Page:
Rip-Off Alert: Lottery sweepstakes scam lures Harvard-educated lawyer
LAS VEGAS (KSNV News3LV) —
What would you do with $30 million? It could make your head spin just thinking about the possibilities. That is exactly what some scammers are counting on.
Postal inspectors learned that the crooks worked hard to get the victim, a Harvard-educated lawyer, to fall for the lottery sweepstakes scam.
“This brilliant lawyer, someone I have looked up to my whole life, could fall for something like this,” said Michael DeGeurin, the son-in-law of the victim.
“We had noticed that he had started getting a bunch of mail that had to do with cruises and getting gold coins, some of it started becoming things like, ‘You may have won this.’”
The 85-year-old retired attorney and recent widower was told he won $30 million and a new car. All he needed to do was pay the taxes, and he did.
“Bankers started calling us saying that he was taking out large sums of money from his bank account,” DeGeurin said.
When DeGeurin realized what was happening, he sat his father-in-law down and told him it was a scam.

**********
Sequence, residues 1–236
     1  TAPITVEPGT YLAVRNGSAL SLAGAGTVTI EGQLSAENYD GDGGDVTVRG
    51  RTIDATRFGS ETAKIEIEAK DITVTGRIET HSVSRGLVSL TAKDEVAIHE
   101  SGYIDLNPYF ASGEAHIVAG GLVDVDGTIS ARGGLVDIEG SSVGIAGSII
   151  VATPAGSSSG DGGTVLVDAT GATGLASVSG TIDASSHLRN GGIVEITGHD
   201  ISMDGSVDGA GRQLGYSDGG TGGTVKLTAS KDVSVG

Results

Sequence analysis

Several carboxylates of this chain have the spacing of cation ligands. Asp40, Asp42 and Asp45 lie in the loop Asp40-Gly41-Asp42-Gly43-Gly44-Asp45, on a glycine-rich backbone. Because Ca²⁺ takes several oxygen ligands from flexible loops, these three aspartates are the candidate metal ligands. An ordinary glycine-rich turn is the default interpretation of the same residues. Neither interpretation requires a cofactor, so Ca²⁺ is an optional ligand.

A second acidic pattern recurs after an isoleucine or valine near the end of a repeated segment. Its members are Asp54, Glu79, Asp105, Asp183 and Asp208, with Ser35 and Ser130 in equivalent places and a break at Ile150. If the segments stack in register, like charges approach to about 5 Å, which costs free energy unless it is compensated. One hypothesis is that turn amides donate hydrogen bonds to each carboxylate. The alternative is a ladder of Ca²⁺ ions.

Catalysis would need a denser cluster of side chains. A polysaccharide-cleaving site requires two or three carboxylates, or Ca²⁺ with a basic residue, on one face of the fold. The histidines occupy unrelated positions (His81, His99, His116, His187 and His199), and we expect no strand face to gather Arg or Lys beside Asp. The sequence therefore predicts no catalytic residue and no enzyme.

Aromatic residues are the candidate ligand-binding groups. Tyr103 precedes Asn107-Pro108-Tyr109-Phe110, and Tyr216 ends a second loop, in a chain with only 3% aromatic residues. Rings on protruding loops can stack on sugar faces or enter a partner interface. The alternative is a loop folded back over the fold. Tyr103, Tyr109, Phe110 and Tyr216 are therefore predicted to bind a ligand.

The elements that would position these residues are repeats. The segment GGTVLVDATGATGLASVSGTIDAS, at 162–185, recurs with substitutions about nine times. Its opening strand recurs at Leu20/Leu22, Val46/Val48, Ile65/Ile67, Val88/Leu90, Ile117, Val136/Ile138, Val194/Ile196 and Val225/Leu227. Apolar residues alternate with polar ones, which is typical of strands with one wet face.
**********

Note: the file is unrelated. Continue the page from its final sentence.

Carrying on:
“I figured if he realized it was a fraud that he would stop,” DeGeurin said. “A year later, it was still happening, but he had gone and he kind of hid it.”
Frustrated, DeGeurin began digging and realized just how manipulative these fraudsters can be.
They got his personal information and altered his phone accounts. They also sent a cab to his house if he didn't answer the phone.
“What scares me is that they are sending people to his home,” DeGeurin said.
“They are having day-to-day interaction or even sometimes hourly interaction with this person,” said U.S. Postal Inspector Dana Carter.
Postal inspectors say it is important for adult children to start the difficult conversation with loved ones.
“Monitoring of bills and savings and checking accounts and even retirement accounts,” Carter said. “I think that is the way to open the door to conversation.”
DeGeurin decided to move his father-in-law from the Alabama community he has lived in all his life to his home in Texas to keep a closer eye on him.
Postal inspectors want to remind consumers that no legitimate lottery will ask for money to be paid up front to receive a prize.